ATLANTA--Lotus Development president Jeff Papows today went on a crusade for 100 percent pure Java, calling the programming language our "last and best hope for a cross-platform solution."
In a speech at the opening day of Spring Comdex, Papows said, "If we screw this up, we all are going to be enormous losers."
Papows said a "unifying technology" is crucial to industry growth. Otherwise, development costs will rise for vendors and users will get new technology at a slower pace.
Lotus, and its parent company IBM, have long been vocal supporters of Java. But today's endorsement was particularly vehement.
Lotus itself plans to come out with Java applets in September. "We've got the largest commercial Java effort underway," he said. The company sees Java as a way to diminish a reliance on any single operating system, specifically the Windows operating systems belonging to Microsoft.
Sun Microsystems' one hundred-percent pure Java campaign--launched late last year--encourages developers to create Java applications that are portable across all operating systems instead of producing programs anchored to Windows 95, Macintosh, or Unix.
But many developers complain that it is difficult, if not impossible, to write their applications entirely in Java code. These developers cite lack of support for critical functions, like printing, not to mention slow performance. This has led Microsoft to accuse Sun of being dogmatic about Java purity.
But in his speech, Papows also said software companies are giving users more features than they need or want. He observed: "There is a great deal of technology for technology's sake in American business today." The implication is that Java's relative simplicity would help to avert this tendency.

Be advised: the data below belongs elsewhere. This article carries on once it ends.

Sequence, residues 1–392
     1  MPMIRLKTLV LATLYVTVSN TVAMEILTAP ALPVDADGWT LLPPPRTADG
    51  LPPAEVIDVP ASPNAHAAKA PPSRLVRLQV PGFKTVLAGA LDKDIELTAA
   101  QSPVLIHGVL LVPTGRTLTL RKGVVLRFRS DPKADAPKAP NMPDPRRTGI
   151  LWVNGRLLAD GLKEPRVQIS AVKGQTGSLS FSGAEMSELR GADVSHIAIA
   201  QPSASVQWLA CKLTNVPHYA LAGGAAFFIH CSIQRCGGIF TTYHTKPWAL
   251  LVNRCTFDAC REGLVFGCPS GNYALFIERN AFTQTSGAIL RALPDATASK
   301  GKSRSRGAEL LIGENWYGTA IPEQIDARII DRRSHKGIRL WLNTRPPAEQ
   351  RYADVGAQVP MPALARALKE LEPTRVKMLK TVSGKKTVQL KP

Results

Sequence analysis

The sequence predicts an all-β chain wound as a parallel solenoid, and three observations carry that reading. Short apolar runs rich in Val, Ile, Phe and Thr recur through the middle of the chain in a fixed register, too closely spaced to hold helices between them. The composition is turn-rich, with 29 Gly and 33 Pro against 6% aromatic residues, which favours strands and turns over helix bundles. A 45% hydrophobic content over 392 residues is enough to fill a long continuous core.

Despite his fervent calls to support Java, however, Papows also warned against becoming "polarized and going to one camp or another," a reference to the long-running feud between Microsoft and Sun.
He also warned the audience not to succumb to the hype that surrounds many products designed to improve productivity. He pointed to pen-based computing, personal digital assistants such as Newton, and Microsoft's ill-fated interface for new computer users called "Bob."
Overall, Papows said, the information technology sector is poised for enormous growth. Some 40 percent of the capital outlay by U.S. businesses goes to information technology, compared with only 7 percent in 1970, he said.
The industry has grown to a $840 billion a year, compared with $78 billion in 1976, he added. And the Internet "is becoming the dial tone of our industry," he said.
Business-to-business e-commerce offers one of the greatest growth potentials, he said. It could be nearly a $160 billion business by the year 2000, compared with less than $20 billion for retail e-commerce.